Seeking Safety for Women Veterans
It has been well documented that there can be multi-faceted barriers preventing female veterans from seeking mental health care from the Department of Veterans Affairs. Women veterans are a growing and historically underserved population. As of November 2011, the VA reports that nearly 1.9 of the 22.2 million (8%) of the total veteran population are women.
Supported by funds from the Judy Hall Early Career Psychologist Award, I provided a time-limited, community-based, group treatment specifically offered for women service members and veterans in my community of Anchorage, Alaska. It was offered free-of-charge as a community service, outside of the DOD/VA systems, on a time-limited basis, for a group treatment cycle of 8 sessions over 4.5 weeks in the spring of 2012. Each group session was two hours long.
The treatment utilized the Seeking Safety model, a manualized cognitive-behavioral group psychotherapy that has been shown to successfully decrease substance use and trauma-related symptoms among women with histories of trauma, primary PTSD, and substance abuse . Treatment content addresses cognition, behavior, interpersonal relations, and case management, and is designed to be inclusive and practical. The therapy has been found to be effective for female veterans as well as other populations.
Seeking Safety consists of 25 modules that can be conducted in any order and can be used alone or in combination with any other treatments the client is receiving. The following combination of cognitive-behavioral and interpersonal modules were selected for this project: Safety, PTSD: Taking Back Your Power, Setting Boundaries in Relationships, Healing From Anger, Healthy Relationships, Compassion, Creating Meaning, Detaching from Emotional Pain (Grounding), Termination.
The group was titled “Coping Skills for Women.” I was greatly assisted by the Alaska Veterans Organization for Women, local military health providers in Anchorage, and Alaskan Senator Mark Begich’s office liaison staff to disseminate information and recruit active duty and/or veteran participants. The group was advertised as voluntary, primarily didactic and not intended to replace any existing mental health services that a participant may be receiving.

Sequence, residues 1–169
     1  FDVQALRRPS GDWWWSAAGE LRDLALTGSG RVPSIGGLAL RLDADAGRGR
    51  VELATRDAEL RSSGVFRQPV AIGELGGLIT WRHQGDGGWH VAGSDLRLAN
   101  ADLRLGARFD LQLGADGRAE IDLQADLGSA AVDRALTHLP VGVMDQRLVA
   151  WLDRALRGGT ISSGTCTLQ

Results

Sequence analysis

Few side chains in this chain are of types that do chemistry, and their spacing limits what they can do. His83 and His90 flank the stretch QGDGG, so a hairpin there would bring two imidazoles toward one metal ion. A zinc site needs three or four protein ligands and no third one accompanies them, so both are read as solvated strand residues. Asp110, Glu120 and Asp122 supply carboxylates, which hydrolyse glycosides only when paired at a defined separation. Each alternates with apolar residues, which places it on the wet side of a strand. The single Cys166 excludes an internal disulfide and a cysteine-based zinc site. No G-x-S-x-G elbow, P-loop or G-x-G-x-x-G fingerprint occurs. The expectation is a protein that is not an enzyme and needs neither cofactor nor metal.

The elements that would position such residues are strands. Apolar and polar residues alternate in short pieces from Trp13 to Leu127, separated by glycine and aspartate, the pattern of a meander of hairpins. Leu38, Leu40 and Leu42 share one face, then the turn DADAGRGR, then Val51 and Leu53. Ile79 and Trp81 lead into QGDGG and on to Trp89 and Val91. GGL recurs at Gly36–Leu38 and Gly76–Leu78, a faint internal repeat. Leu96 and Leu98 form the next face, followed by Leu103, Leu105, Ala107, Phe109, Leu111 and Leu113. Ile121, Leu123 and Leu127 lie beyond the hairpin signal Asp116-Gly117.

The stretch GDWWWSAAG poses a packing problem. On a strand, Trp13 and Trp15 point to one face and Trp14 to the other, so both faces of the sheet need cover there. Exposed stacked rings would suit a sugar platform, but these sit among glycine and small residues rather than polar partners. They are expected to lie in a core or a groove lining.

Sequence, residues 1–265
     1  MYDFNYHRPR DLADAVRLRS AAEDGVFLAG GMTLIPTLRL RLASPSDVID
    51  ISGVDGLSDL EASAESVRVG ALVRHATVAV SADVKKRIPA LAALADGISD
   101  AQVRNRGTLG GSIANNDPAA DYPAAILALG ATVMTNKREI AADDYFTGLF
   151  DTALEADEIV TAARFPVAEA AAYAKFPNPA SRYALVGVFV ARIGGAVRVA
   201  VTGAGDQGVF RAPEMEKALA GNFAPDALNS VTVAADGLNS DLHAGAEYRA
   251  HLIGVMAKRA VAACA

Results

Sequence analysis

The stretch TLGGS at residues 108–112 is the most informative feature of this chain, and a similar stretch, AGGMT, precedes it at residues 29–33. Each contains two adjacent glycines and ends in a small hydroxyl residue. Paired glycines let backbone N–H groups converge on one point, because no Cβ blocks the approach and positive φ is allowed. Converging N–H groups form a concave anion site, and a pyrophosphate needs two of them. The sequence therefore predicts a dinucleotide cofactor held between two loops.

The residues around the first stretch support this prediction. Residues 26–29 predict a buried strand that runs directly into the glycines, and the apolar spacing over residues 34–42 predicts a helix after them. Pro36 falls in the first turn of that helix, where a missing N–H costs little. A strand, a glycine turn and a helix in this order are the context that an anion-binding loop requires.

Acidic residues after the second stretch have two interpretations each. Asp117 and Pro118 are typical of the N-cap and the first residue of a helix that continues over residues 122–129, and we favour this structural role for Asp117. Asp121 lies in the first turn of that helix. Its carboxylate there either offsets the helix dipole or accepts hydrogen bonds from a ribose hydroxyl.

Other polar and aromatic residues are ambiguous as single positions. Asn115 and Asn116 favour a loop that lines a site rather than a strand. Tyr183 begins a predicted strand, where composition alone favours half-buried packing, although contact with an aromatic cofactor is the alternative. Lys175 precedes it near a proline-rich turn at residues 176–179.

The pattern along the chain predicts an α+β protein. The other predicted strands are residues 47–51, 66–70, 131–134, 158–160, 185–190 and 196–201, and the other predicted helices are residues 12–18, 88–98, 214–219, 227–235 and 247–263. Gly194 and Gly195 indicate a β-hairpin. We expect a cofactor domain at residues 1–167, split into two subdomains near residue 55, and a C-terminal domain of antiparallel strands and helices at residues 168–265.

The group was designed to be highly structured, with the focus and intent being to learn how to cope with overwhelming emotions safely. Participants were informed that there would be no explicit trauma disclosure in the group, and that the focus would be on skill building to cope with the impact of trauma and/or other emotional distress. One participant described the treatment focus as “concrete action we can take to move our lives forward.”
A total of 9 women completed the brief group intervention of 8 sessions over 4.5 weeks. All women who were offered the opportunity began treatment. Age ranged from 25 to 64 years old, with seven veteran (including two OEF/OIF veterans), and four active-duty US Army service member participants. 27% were minorities. Completion of the treatment was defined as attending six or more sessions (met by 82% of the 11 who initially enrolled).
Assessments were conducted at pre-and post-treatment; participants completed a treatment satisfaction measure (author-created), as well as the following psychometrically validated measures: the PTSD Checklist-Military Version (PCL-M; Weathers et al. 1993, 1994), and the Beck Depression Inventory-II (BDI-II; Beck, Steer, & Garbin, 1988).
Seven of the nine completers (78%) had PCL scores of 50 or higher pre-intervention, which is consistent with or supportive of a PTSD diagnosis. Substance use data was not collected. While this project was not intended as a formal outcome study, treatment effectiveness was supported by changes pre-post intervention on the PTSD Checklist and BDI-II. All 9 completers decreased in PCL total score and BDI-II total score. Of the 9 that improved on the PCL, 6 (67%) had a clinically significant decrease of ten or more points. Seven out of 9 (78%) completers decreased their BDI-II total score by 15 points or more.
All participants reported that Seeking Safety was helpful in each of the following areas: overall, for traumatic stress symptoms, to focus on safety, and to learn safe coping skills. Measures of participant satisfaction and therapeutic alliance were very high. Despite the brief treatment duration, participants showed improvement in trauma-related symptoms, depression, suicidal thoughts, social adjustment, family functioning, coping ability, and didactic knowledge related to the treatment. One participant wrote, “This was a profoundly moving influence on my daily life in such a short period of time.”
United States Government Accountability Office. (2011). VA Mental Health: Number of Veterans Receiving Care, Barriers Faced, and Efforts to Increase Access. Retrieved from: http://www.gao.gov/assets/590/585743.pdf
Department of Veteran Affairs, Center for Women Veterans. (2012). Advisory Committee on Women Veterans 2012 Report. Retrieved from: http://www.va.gov/WOMENVET/docs/Final_
Najavits, L. (2009). Seeking Safety: An implementation guide. In A. Rubin & DW Springer (Eds). The Clinician’s Guide to Evidence-Based Practice. Hoboken, NJ: John Wiley.